Some biblical women are admirable because they’re loyal wives and good mothers, or because they show wisdom and grace in hard times. Examples of women like this are Ruth, Abigail and Sarah. Then there are unnamed women like the widow of Zarephath who fed Elijah even though she thought he was eating the last food she had (1 Kings 17:12).
These are all strong women, but they fitted in to the “traditional” way of seeing their role: they are a background to what the men did.
There are other women who are very different, however. Here are five of them:
1. Tamar. Her story shows women’s vulnerability in the ancient world, but it’s also a great example of courage and resourcefulness (Genesis 38). Tamar’s first husband Er, one of the sons of Judah, died. According to custom, she was given to his brother Onan; any child she had would legally be Er’s. However, he refused to do his duty to her (the word Onanism comes from this episode) and he died. Afraid of losing him too, Judah refused to give his younger son to her. So Tamar disguised herself as a prostitute, slept with Judah and became pregnant by him. Furious, he wanted to burn her to death. She revealed that he was the father, and he confessed: “She is more righteous than I.”
Tamar was determined to get justice, as it was understood at the time. She took huge risks and showed immense courage.
2. Deborah. She was a prophetess and a judge of Israel, the wife of a man named Lappidoth. She called on Barak, one of Israel’s war leaders, to take the field against Sisera, a general with 900 iron chariots who “oppressed Israel sorely” (Judges 4:3). He agreed, but only if she went with him! The result was that “all the troops of Sisera fell by the sword; not a man was left” (4:16).
Deborah is someone who showed not just faith but more leadership and courage than men. At a time when some theologians are promoting complementarianism and “biblical gender roles”, Deborah is a great example of a strong woman who took charge.
3. Jael. This is part of the same story. She was the wife of Heber the Kenite and gave Sisera shelter after he fled from the massacre of his troops. She gave him a nice drink of milk and somewhere to sleep, then drove a tent peg “through his temple and into the ground” (4:21). “And he died,” the story concludes, a bit superfluously. It’s all very violent, but those were violent times – and the point is that Jael was decisive, courageous and took control of the situation to do what was right. Incidentally, where was Heber…?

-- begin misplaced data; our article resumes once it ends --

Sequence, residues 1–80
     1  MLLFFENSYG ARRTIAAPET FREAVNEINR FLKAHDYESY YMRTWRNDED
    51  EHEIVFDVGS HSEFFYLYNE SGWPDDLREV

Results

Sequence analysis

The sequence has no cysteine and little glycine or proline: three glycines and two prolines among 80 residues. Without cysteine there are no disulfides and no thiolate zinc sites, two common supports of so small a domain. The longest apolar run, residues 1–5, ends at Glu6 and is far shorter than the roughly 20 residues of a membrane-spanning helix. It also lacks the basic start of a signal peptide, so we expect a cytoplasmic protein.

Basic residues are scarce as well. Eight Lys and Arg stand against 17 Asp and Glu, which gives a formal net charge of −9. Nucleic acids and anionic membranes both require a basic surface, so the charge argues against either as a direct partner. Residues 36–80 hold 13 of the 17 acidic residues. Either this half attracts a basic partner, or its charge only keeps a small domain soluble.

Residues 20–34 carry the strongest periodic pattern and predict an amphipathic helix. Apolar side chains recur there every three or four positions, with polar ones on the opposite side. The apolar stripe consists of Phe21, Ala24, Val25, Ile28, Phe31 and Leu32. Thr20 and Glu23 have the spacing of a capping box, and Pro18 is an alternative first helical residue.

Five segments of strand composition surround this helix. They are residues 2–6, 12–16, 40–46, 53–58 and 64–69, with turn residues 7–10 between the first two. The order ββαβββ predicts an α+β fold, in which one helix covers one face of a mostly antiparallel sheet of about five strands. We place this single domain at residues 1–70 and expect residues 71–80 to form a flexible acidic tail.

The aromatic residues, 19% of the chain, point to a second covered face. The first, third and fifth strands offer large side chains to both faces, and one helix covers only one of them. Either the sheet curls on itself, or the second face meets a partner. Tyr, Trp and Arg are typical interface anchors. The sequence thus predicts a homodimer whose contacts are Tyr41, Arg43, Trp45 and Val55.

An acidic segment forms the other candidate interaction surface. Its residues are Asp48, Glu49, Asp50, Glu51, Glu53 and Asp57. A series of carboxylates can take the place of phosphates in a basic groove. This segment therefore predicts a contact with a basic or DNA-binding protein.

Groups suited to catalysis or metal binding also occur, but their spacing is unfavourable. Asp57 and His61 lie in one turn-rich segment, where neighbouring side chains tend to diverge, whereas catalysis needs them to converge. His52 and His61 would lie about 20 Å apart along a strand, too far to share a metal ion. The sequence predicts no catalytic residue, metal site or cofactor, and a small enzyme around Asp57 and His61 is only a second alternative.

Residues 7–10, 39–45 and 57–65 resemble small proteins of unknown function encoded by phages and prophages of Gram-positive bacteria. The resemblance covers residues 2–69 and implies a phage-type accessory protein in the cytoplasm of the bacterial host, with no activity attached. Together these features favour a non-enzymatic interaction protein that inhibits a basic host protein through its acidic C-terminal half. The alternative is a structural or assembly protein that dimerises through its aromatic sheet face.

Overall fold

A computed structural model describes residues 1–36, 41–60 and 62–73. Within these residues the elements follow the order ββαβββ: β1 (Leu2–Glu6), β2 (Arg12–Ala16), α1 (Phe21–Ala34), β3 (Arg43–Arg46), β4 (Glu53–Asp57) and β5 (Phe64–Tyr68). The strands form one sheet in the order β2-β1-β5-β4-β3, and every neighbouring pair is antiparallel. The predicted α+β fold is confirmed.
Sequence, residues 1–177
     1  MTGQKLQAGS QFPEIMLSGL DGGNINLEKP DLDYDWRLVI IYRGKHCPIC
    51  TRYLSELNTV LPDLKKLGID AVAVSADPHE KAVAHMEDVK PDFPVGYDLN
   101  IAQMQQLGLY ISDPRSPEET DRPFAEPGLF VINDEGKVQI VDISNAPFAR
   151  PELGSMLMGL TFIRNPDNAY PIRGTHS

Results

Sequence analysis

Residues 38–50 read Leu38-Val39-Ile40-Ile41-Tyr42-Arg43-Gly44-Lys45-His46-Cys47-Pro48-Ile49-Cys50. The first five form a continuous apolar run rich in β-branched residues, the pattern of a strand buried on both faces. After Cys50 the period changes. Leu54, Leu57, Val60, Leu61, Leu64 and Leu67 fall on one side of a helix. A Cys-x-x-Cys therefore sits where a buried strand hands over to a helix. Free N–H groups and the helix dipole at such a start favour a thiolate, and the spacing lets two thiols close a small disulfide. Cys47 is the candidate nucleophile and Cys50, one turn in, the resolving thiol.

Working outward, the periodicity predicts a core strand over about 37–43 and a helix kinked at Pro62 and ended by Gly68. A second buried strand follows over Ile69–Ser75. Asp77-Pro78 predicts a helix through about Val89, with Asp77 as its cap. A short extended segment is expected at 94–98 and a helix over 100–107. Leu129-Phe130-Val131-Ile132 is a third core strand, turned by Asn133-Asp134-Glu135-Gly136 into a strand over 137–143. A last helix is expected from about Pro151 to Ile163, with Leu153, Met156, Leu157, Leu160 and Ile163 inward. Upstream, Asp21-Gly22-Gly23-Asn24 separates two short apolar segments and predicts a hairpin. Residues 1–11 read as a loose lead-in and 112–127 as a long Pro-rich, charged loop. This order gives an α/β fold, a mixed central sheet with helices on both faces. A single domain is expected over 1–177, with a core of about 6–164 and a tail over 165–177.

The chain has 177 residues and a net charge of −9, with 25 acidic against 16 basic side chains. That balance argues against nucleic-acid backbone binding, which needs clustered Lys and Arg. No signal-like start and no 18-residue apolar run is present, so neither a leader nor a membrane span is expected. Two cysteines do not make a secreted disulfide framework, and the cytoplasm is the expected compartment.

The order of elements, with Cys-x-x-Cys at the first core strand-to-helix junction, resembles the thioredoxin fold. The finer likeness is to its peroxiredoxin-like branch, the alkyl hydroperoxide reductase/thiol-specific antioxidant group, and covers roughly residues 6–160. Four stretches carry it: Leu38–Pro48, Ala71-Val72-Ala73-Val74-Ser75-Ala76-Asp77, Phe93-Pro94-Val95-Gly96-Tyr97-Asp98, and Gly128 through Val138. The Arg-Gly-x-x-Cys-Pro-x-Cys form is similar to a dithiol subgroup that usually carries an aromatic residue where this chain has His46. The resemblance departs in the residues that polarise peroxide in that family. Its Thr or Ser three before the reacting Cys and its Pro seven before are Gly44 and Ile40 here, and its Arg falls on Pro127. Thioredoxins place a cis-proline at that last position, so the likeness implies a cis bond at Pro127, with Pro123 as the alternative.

4. Jezebel. A strong person is not necessarily a good one. Jezebel was a Phoenician princess, the wife of King Ahab, a powerful Israelite king who is remembered for his struggles with the prophet Elijah. She promoted the worship of Baal and organised the death of Naboth, whose vineyard Ahab wanted for his own. After the death of Ahab and his successor Ahaziah, King Joram was defeated by Jehu, the commander of his army. Then Jehu came after Jezebel: “When Jezebel heard about it, she painted her eyes, arranged her hair and looked out of a window.” When Jehu approached she called him a murderer. He had her servants throw her out of the window (2 Kings 9:33).
According to her own lights, Jezebel was doing what she thought was right. She was loyal to her husband, and her last stand was magnificent.
5. The woman of Abel. King David faced a serious rebellion led by a man named Sheba, which was put down ruthlessly by his army commander, Joab. Sheba took refuge in the city of Abel Beth Maacah and Joab besieged it. When an army captured a city in those days, the consequences for the inhabitants were dreadful. So an unnamed “wise woman” took charge (2 Samuel 20:4). She negotiated with Joab when everyone else was too frightened to do so. He agreed to withdraw as long as they handed over Sheba, which they did – at least a bit of him (“they cut off the head of Sheba son of Bicri and threw it to Joab”). When the men of the city were either paralysed with fear or determined to fight it out, she saw clearly what had to be done and took charge.